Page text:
- German drugmaker Bayer AG's efforts to expand use of its prostate cancer drug Xofigo hit a major safety setback Friday, after the company disclosed a Phase 3 study of the therapy would be unblinded early due to a higher number of patient deaths occurring in the treatment group than in the placebo arm.
- An independent data monitoring committee flagged the imbalance, recommending Bayer analyze the new findings from the study, which pairs Xofigo with J&J's Zytiga and prednisone to treat castration-resistant prostate cancer that has metastasized to bones.
- No patient in the Phase 3 trial is currently receiving Xofigo, as enrollment into the study completed in September 2016 and the drug is only administered for up to 6 doses over 24 weeks. Bayer said it had informed the relevant health regulators of the unblinding and plans to gather more detailed data on the new signal.
Xofigo (radium-223 dicholoride) is one of Bayer's top cancer drugs, acquired in the German drugmaker's $2.9 billion purchase of Algeta in 2013. At the time, Bayer trumpeted Xofigo's sales potential and forecasted €1 billion in peak annual sales for the targeted alpha radiation therapy.
The drug have so far failed to live up to that billing, earning €307 million ($341 million) in sales through the first nine months of 2017. While Bayer has yet to fully investigate the safety signal uncovered by the Data Monitoring Committee, the imbalance seen in its Phase 3 ERA223 study raises new concerns.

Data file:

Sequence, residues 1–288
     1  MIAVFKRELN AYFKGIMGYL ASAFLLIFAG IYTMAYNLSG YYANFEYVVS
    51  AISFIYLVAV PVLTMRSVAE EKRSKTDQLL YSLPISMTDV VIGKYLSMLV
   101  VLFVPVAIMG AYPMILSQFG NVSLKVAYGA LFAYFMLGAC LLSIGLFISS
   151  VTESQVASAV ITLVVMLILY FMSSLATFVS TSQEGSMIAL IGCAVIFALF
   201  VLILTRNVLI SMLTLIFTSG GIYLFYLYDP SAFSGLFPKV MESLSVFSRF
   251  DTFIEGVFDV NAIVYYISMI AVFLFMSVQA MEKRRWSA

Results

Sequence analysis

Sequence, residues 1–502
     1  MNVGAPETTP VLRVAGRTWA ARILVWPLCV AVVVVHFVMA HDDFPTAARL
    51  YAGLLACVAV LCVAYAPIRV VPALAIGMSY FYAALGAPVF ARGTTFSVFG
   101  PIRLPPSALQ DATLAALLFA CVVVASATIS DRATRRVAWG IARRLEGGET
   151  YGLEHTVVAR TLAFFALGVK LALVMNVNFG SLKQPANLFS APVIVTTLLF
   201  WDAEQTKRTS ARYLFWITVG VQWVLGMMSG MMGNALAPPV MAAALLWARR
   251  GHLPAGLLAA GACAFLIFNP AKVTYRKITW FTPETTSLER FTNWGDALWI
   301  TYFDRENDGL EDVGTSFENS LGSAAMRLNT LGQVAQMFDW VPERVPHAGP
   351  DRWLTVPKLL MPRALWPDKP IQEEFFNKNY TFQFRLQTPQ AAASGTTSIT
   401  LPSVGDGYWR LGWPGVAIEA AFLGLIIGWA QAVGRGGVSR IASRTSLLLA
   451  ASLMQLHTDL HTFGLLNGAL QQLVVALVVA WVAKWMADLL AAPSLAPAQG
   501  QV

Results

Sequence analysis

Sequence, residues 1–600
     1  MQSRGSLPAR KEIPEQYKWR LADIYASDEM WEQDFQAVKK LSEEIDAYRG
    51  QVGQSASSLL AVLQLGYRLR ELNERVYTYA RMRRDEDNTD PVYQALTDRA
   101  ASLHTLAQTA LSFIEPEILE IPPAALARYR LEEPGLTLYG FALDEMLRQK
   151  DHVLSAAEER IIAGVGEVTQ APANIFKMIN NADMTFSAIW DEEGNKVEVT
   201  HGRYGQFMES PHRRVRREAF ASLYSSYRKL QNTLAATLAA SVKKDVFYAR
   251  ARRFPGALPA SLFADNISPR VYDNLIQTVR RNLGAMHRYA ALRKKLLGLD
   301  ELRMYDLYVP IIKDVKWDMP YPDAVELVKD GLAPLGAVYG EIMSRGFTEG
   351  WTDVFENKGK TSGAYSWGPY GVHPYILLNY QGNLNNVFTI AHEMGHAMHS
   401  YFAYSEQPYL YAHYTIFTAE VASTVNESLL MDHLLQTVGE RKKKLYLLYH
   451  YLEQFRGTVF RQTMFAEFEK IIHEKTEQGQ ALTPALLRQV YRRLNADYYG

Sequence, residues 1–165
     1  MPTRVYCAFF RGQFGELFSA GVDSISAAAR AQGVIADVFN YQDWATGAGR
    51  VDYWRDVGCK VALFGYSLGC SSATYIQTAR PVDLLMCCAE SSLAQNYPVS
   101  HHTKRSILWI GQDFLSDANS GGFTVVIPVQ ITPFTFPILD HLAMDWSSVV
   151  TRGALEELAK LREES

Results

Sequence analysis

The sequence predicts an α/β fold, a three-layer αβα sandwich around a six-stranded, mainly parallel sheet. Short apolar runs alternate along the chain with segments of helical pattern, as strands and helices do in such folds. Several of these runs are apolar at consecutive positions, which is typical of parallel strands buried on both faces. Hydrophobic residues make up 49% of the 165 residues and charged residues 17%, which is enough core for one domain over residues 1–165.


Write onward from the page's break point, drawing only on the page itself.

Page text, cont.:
Bayer enrolled 806 patients into ERA223, divided equally between groups receiving Xofigo together with Zytiga (abiraterone acetate) and prednisone or placebo. Patients in the treatment group were administered up to six doses of Xofigo spaced four weeks apart.
As a targeted alpha therapy, Xofigo is designed to selectively attack bone metastases of castration-resistant prostate cancer (CRPC). In ERA223, Bayer enrolled patients with asymptomatic chemotherapy-naive bone predominant CRPC, aiming to improve symptomatic castration-resistant event-free survival.
But more patients in the treatment group died or experienced bone fractures than those on placebo, prompting the study unblinding.
"Patient safety is our top priority. We are therefore unblinding the study to thoroughly analyze the data," said Mike Devoy, Bayer's chief medical officer, in a Nov. 30 statement. "It is important to note that, based on available data from previous trials as well as real-world use, the benefit-risk profile of Xofigo in its approved indication remains favorable."
Like other pharmas, Bayer is devoting more resources to oncology, recently inking a deal with the hot cancer biotech Loxo Oncology Inc. that could be worth as much as $1.5 billion. The German company also recently won U.S. approval for its PI3K inhibitor Aliqopa (copanlisib).
Behind the scenes, however, there appears to be some upheaval in Bayers's R&D operations. The disclosure about Xofigo comes a day after an announcement that the company would combine its research and development activities, including oncology, together under one organizational umbrella.
In the process, Andreas Busch, the company's now-former head of drug discovery, decided to leave the company and take a job as head of R&D at Shire plc.